After months of negotiations, a badly divided Roundtable — which had pushed for comprehensive health-care reform for two decades — declined to take a position on the legislation.
In effect, the business lobby had allowed itself to accept DeLay's logic that its first priority was to maintain Republican control of Congress. And before long, big business found itself in the uncomfortable position of supporting a Republican caucus that was increasingly hostile to its agenda while helping to defeat moderate, pro-business Democrats who had once been its legislative allies.
"The Republican Party has been free to take us for granted for many years, and the business community took the Republican Party for granted," said Jay Timmons, president of the National Association of Manufacturers (NAM). Timmons said it is bad enough that Republicans no longer support business on issues such as trade, immigration and infrastructure investment. At the same time, major corporations are scrambling to distance themselves from the Republican agenda on social issues — in particular, opposition to gay rights — that are offensive to many of their customers and employees.
"Frankly, it's a disaster," Timmons said.
"They wound up creating a Frankenstein that they couldn't control," said Mizruchi, the University of Michigan sociologist.
Over the past two years, the Chamber has tried to regain influence over the Republican caucus by opposing a few of the more radical tea party candidates in Republican primaries. Under Timmons, once a top Republican aide on Capitol Hill, NAM has helped moderate Democrats retain their seats. Still, the bitter partisanship is now so hard-wired into Washington's political culture that it will be years before big business can again cobble together the bipartisan centrist coalitions on which it traditionally relied.
"Business chose to ride with the Republicans, and now they have nowhere to go. It's a very precarious position," said Thomas A. Daschle, the former Democratic Senate leader whom Republicans defeated in 2004 with strong support from business. Among Democrats, Daschle reports, "there is a lot of resentment that's built up — disgust even — with the way so much of business migrated so comfortably to the far right."
No love for Trump
Just as big business has suffered from getting too cozy with the Republican establishment, the Republican establishment has suffered from getting too cozy with big business — at least as measured by the 13 million voters who showed up this year to vote for Donald Trump as the party's presidential nominee.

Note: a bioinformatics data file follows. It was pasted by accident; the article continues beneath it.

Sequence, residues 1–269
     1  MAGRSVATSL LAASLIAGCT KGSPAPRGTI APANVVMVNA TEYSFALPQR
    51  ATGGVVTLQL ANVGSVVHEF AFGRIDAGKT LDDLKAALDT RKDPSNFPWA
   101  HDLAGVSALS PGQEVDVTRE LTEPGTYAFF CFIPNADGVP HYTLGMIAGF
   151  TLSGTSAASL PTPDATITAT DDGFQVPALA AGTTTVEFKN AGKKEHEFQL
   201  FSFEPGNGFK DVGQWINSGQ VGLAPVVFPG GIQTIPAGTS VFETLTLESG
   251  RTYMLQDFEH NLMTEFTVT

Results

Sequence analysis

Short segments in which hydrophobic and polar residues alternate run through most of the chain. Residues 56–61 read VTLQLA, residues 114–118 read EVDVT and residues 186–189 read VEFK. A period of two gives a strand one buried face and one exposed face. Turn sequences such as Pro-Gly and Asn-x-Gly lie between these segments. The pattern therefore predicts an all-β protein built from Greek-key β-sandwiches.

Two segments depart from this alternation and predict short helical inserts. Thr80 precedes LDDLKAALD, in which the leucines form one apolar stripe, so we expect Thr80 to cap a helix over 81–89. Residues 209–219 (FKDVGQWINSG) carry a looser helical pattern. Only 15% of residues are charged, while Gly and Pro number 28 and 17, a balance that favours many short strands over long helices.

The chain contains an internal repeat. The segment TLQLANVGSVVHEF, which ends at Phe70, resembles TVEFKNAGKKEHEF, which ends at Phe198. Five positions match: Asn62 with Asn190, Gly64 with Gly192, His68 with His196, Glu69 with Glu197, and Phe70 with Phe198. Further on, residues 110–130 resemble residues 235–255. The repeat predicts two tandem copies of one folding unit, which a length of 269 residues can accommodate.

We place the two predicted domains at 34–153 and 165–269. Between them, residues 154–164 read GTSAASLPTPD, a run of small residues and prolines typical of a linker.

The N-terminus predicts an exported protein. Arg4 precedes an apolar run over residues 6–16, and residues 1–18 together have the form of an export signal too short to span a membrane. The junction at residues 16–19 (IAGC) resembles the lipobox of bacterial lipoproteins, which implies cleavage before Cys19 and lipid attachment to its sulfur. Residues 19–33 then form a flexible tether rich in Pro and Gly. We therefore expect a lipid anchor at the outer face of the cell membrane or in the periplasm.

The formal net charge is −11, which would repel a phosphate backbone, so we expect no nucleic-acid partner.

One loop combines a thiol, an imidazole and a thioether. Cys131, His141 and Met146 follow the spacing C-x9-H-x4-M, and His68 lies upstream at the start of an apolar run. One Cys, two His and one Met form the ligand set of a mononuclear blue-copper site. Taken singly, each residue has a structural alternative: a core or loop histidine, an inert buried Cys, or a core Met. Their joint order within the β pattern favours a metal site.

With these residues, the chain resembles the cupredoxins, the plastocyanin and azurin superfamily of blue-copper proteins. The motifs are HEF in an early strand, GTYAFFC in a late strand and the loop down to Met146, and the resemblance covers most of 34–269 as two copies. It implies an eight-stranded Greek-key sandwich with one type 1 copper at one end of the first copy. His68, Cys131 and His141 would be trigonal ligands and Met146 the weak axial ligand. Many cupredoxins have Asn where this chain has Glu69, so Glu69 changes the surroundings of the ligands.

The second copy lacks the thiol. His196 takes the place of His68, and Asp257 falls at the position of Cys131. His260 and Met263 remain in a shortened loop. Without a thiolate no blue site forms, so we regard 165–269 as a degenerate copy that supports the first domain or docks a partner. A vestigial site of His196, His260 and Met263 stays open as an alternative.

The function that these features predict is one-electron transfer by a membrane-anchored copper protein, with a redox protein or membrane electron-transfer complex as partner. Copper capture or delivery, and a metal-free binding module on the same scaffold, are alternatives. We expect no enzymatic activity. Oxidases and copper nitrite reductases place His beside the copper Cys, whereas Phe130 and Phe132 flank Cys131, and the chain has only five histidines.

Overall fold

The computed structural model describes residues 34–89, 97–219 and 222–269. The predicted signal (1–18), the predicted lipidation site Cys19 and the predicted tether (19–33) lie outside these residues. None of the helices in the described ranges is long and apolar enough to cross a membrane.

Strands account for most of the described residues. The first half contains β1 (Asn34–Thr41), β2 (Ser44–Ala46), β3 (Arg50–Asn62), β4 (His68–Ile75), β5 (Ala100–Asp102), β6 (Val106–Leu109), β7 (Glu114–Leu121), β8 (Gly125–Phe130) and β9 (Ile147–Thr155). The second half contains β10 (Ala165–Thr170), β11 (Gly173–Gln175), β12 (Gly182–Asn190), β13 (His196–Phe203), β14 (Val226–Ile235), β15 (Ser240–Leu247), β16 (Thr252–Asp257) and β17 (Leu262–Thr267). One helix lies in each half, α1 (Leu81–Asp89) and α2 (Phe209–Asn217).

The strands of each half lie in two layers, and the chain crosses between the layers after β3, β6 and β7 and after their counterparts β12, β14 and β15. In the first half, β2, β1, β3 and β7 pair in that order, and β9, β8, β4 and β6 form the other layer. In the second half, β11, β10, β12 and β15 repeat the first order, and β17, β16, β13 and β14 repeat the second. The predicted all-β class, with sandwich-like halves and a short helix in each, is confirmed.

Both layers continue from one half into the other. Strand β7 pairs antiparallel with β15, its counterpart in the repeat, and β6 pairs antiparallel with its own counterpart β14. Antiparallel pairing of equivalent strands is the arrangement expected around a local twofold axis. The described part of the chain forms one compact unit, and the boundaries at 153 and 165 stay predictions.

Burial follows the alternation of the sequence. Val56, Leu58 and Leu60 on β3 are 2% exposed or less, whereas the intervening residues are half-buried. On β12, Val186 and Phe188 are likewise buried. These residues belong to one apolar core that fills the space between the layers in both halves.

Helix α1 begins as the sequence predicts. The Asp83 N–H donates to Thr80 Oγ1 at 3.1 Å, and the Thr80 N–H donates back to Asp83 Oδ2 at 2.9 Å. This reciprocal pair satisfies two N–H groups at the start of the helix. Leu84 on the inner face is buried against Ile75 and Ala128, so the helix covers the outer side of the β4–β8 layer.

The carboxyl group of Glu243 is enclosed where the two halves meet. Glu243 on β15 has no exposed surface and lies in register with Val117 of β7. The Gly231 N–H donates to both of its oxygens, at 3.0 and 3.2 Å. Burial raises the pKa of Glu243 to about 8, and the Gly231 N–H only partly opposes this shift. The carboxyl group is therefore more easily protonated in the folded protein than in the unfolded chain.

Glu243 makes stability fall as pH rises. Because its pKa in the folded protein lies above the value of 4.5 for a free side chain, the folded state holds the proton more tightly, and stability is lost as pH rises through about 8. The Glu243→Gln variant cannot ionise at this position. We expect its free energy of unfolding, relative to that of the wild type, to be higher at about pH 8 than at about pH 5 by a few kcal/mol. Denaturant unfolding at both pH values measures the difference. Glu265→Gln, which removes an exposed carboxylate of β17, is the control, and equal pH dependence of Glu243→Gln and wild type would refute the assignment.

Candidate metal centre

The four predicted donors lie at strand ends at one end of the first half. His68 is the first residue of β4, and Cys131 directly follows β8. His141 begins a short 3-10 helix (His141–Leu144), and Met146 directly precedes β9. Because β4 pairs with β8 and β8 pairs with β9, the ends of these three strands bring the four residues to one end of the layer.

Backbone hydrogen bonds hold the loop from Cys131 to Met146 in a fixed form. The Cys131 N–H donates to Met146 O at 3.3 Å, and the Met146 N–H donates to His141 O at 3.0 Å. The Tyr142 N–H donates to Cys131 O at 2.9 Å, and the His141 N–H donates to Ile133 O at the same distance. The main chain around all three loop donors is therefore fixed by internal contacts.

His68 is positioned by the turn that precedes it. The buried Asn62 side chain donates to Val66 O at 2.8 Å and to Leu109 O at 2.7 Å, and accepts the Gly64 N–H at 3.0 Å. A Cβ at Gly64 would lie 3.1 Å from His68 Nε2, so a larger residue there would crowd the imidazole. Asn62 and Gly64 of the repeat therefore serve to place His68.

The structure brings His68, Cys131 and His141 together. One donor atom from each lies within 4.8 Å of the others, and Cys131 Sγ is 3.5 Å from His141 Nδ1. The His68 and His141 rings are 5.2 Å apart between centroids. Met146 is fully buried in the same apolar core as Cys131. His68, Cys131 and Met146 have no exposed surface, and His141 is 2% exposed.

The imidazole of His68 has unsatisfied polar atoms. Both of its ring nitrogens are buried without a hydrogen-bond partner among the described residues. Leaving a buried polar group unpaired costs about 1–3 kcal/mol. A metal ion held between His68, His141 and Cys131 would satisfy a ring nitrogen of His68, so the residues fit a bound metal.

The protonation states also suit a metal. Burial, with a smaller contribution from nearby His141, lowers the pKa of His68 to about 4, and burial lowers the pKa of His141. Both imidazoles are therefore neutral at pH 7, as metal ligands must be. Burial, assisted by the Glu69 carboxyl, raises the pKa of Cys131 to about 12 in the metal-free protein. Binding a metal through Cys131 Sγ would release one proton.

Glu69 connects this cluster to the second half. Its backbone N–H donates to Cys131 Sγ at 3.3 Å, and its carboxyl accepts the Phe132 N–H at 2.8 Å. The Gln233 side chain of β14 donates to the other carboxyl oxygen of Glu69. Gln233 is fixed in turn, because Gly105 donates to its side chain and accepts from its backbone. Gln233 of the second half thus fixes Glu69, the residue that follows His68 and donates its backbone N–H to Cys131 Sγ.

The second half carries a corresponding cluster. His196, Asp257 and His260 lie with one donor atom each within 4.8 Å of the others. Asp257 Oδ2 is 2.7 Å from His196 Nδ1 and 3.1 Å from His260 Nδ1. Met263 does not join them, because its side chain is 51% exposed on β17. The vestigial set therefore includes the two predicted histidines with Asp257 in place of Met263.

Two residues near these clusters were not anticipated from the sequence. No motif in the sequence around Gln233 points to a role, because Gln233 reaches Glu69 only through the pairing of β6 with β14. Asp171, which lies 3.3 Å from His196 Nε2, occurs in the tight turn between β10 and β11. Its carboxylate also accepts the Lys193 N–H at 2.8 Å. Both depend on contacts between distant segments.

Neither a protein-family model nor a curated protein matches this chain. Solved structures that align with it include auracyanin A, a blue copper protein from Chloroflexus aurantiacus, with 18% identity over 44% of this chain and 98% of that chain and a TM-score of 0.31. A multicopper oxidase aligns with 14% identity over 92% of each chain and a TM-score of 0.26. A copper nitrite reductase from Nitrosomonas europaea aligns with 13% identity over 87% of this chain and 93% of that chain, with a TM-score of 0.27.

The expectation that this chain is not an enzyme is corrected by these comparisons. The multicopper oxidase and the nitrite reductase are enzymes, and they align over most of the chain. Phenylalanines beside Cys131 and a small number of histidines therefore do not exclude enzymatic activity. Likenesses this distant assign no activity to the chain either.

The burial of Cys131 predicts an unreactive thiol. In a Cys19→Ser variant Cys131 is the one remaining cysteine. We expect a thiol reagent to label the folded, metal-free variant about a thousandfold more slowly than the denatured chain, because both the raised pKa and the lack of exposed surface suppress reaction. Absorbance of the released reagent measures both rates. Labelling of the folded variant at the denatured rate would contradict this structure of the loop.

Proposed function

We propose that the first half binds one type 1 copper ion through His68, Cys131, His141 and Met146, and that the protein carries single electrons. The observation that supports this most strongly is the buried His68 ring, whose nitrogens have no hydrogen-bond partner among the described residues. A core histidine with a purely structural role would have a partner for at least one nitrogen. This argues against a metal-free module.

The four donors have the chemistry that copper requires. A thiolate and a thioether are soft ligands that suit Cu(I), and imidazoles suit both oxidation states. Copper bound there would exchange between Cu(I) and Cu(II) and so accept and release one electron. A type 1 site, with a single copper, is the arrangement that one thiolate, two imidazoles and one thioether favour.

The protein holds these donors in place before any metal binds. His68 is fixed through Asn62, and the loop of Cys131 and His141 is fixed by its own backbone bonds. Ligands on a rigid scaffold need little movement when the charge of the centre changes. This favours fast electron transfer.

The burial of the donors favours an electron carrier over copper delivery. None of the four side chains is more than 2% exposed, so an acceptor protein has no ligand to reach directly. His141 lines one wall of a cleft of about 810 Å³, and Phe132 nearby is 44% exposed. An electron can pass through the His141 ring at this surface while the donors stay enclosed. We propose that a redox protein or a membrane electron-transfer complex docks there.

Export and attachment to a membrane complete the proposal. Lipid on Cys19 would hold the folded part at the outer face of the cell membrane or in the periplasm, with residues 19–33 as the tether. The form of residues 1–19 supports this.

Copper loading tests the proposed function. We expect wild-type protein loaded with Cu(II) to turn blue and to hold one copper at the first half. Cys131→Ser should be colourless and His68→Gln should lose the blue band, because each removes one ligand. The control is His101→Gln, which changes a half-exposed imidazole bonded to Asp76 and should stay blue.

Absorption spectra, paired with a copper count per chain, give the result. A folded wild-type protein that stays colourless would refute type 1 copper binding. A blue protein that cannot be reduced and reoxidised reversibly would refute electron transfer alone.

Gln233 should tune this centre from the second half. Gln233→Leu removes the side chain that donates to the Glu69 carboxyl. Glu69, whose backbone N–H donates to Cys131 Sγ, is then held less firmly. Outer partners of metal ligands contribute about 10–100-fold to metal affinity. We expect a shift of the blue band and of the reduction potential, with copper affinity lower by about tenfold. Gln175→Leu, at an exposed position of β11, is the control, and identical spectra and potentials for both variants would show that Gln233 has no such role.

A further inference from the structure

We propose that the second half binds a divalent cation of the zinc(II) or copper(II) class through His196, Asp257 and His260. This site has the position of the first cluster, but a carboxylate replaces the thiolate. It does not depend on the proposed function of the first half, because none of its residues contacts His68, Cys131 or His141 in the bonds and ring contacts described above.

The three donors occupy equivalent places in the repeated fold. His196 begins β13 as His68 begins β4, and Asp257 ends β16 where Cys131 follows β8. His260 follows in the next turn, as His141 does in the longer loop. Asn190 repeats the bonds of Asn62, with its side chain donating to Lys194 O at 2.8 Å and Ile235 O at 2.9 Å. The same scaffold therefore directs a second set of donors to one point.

In more than two dozen interviews with corporate executives and business lobbyists over the past month, I found no support for Trump's candidacy. Most of them agreed to speak only if they were not identified.
"If he won, they'd have to shelter in place for four years," joked one Republican consultant with a raft of high-tech clients.
"They are appalled by Trump," a top executive said of his colleagues. "They want to end the dysfunction, not make it worse."
Their fear is that Trump would get the United States into trade wars with Mexico and China and a real war in the Middle East, while initiating mass deportations of illegal immigrants that would disrupt labor markets and lead to social unrest.
Among executives, it certainly hasn't gone unnoticed that Trump's kitchen cabinet of economic advisers includes hedge-fund managers and real estate moguls but no prominent corporate executive. They also resent that, for many Americans, Trump is the model of the successful business executive.
Last month, a group of 50 top executives publicly endorsed Hillary Clinton. Although many were longtime Democrats, from finance and high tech, the list also included a few die-hard Republicans, such as Hewlett-Packard chief executive Meg Whitman, former General Motors chief Dan Akerson and Jim Cicconi, who served in both the Reagan and Bush White Houses before becoming head of AT&T;'s Washington office.
Most top corporate executives, however, have remained quiet lest they become targets of Trump's personal attacks, as did Facebook's Mark Zuckerberg when he dared to challenge Trump over immigration.
"Just about every Republican I know who is in business is apoplectic about the prospect of Trump as president, but they are also afraid of him," one former chief executive said. "They don't want to put their companies in harm's way."
At the same time, many chief executives have what one called "deep, residual anxiety" about Hillary Clinton. Those anxieties have only deepened since the Democratic presidential nominee joined hands with Sens. Elizabeth Warren (Mass.) and Bernie Sanders (Vt.) — two anti-corporate crusaders — in her effort to consolidate support from the liberal wing of the Democratic Party.
A few business leaders are coming around to the idea that they might be able to strike deals with Clinton, much as they did with her husband in the 1990s.
"I'd say there is a great interest and willingness to reset a more constructive relationship," the head of one industry association said.
But more common was the gloomy outlook of the longtime Washington lobbyist who said of his executive-suite clients, "They don't see anyone on the horizon in either party who can drain this swamp."
Pearlstein is a Washington Post business and economics writer. He is also Robinson Professor of Public Affairs at George Mason University.